In the wake of last week’s EMV fraud liability shift, industry experts are looking ahead to how this major payment system change will impact fraud in the U.S.
An Oct. 1 webinar from Fiserv and American Banker examined how fraudsters may respond to the introduction of chip card payment technology in the U.S. and what we can expect to happen to fraud losses as a result. The speakers, vice president of Global Market Strategy Andrew Davies and fraud industry expert Frank McKenna, shared both good and bad news.
Let’s review the good news first: The implementation of EMV in other countries has proven to reduce counterfeit fraud losses.
In fact, Europe saw a $103 million decrease in card skimming fraud losses between 2008 and 2009 after switching to chip card payment technology, according to data cited from Interac Association, a Canadian electronic payment systems network.
The United Kingdom, in particular, has seen a reduction in both counterfeit and lost/stolen card fraud expenses post-EMV migration. In 2002, counterfeit fraud costs in the U.K. decreased from approximately £39 per 1,000 card transactions to only £4 by 2012. Similarly, the cost of lost/stolen fraud decreased from £29 to only £5 per 1,000 card transactions in the same 10-year period.
In Canada, Fiserv found that EMV implementation cut both debit and credit card fraud from $142 million in 2009 to just $39 million in 2012. Canada began its shift in 2011 and is in the final stages of its changeover.
This slew of statistical evidence is reassuring that the U.S. may also experience a reduction in counterfeit fraud (see chart below for current U.S. fraud rates) as EMV payment technology becomes more commonplace.Those assurances hold even though the EMV cards being adopted in the U.S. primarily use chip-and-signature verification instead of the chip-and-PIN method used in other Western countries.
“No, a chip alone is not as effective as a chip and a PIN,” Davies said. But “I really do believe that chip card technology is the best technology currently available to combat counterfeit fraud.”
However (yes, this is where the bad news comes in), as the aforementioned countries have also experienced, migrating to EMV also causes “fraud mutations.”
Here’s what Davies and McKenna think could happen to the U.S. fraud landscape as chip card technology becomes more commonplace:
- Fraud may migrate to parties that are less protected, such as smaller merchants or banks that haven’t adopted EMV technology.
- Identity theft and card-not-present fraud will increase.
- Consumer deposit accounts (i.e. checking and savings accounts) may be targeted more often.
- Electronic payment fraud may rise.
Overall, thieves will change (or mutate, as the speakers dubbed the activity) their behavior to operate using the weakest link in the payment chain.
As chip cards make it nearly impossible for crooks to reuse in-store payment data, they will instead target less protected sources of payment data, such as e-commerce transactions where, in many cases, full card or account numbers are still present. Or, small retailers that weren’t targeted by card theft before may become targets if the majority of the store’s transaction data is not chip card-encrypted because of an EMV migration delay.
“Having a chip card only addresses part of the fraud problem,” McKenna said during the webinar.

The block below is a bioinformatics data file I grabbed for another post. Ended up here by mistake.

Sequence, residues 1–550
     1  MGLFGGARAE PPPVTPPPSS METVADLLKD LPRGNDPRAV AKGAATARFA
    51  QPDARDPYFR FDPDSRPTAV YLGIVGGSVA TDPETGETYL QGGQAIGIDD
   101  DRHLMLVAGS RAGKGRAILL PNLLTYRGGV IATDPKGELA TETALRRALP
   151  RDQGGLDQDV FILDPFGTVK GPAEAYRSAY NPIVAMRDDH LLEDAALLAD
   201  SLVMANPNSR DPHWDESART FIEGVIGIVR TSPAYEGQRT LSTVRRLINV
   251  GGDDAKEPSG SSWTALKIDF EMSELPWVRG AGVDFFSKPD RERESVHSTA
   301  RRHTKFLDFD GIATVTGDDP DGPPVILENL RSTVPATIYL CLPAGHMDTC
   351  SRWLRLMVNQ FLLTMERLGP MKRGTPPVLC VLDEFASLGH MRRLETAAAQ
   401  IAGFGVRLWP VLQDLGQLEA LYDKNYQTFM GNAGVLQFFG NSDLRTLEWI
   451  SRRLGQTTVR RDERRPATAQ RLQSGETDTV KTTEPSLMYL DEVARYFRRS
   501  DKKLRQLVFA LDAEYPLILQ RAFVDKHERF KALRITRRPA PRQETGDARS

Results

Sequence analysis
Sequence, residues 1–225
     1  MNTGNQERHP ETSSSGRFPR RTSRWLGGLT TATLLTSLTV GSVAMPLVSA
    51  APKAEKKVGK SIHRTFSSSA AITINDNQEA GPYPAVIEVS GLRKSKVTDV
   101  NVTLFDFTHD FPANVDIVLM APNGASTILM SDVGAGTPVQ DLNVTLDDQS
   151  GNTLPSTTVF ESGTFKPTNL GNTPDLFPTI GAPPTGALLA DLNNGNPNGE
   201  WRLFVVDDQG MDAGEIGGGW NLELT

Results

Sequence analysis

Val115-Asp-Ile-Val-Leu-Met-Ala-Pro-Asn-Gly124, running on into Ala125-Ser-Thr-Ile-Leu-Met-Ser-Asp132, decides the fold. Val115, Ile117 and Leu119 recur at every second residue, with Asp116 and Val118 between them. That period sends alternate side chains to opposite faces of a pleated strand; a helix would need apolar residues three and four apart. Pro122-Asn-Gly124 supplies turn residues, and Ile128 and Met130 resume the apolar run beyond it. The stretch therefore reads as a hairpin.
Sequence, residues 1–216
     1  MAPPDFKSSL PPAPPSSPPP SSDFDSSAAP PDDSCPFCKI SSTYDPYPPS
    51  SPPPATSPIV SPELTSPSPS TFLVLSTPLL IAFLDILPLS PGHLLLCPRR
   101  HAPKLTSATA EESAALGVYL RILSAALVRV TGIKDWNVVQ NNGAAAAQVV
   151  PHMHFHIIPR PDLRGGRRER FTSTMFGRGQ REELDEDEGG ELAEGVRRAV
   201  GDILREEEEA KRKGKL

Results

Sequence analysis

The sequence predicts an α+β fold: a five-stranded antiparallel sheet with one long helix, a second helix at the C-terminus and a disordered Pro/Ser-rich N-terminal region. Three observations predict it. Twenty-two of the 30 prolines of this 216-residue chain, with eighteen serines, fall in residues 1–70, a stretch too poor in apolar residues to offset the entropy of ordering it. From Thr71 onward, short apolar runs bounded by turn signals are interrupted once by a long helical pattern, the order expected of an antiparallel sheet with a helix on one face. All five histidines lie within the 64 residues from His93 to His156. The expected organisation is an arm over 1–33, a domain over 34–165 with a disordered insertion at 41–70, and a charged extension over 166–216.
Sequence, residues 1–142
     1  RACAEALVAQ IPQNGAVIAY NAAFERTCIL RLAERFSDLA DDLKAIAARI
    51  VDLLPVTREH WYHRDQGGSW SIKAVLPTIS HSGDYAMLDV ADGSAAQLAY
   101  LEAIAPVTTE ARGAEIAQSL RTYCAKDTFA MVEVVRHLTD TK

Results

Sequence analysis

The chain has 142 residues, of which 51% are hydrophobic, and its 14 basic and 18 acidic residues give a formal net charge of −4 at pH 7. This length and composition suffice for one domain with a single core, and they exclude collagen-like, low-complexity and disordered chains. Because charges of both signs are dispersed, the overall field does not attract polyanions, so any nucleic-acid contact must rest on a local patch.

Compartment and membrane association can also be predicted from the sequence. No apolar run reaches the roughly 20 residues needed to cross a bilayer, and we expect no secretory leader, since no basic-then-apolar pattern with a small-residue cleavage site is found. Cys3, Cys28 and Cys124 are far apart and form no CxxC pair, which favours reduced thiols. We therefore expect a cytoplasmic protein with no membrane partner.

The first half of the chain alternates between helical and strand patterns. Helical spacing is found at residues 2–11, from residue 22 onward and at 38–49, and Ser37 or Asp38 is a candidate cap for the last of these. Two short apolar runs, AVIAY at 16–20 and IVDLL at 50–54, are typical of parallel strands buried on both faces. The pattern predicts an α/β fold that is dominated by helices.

According to data cited from the Federal Reserve Bank of Atlanta, Canada experienced a $47.7 million increase in card-not-present fraud losses between 2008 and 2010.
Counterfeit card losses in the U.K. dropped to 10 percent from 29 percent from 2003 to 2013, but card-not-present fraud losses increased from 29 percent to 67 percent during that same time, according to Fiserv.
The mutations were even worse in Australia. When EMV issuance ramped up in 2006, card fraud cost issuers a little under $100 million. Thanks to a huge increase in card-not-present fraud post-EMV introduction, card issuers lost $262.6 million to fraud in 2012.
Nope, that’s really not good news.
Thankfully, because the U.S. migration to EMV is only partial so far – and not expected to be complete for another couple of years – fraud mutations will not occur overnight. There is time to get ahead of the game.
McKenna and Davies recommended that card issuers put more resources toward identity theft and account takeover resolution, merchants do their best to upgrade their payment systems ASAP and fraud strategists prepare for the ecosystem to change. “We are just in the infancy of understanding how deeply fraud impacts us, but we do know that fraud is growing and changing and that will continue with each decade to come,” Davies said.
Consumers can also arm themselves against fraud mutations. While better fraud protections are being developed for card-not-present channels, here’s how you can keep your payment information safe:
- Change online account passwords often: Stale, easy-to-guess passwords such as “password” could give criminals easy access to your accounts and allow them to make fraudulent transactions — or worse, drain your checking account.
- Shop online with secured, trusted websites: Shop through password-protected Wi-Fi networks when possible and keep your business with e-commerce retailers that boast secured websites.
- Check accounts frequently for strange activity: The sooner you catch fraudulent activity, the easier (and maybe even cheaper) it will be to resolve.
- Check your credit report: Again, the sooner you catch fraudulent activity, the less of a headache it will be to fix and the better chance you have of protecting your credit.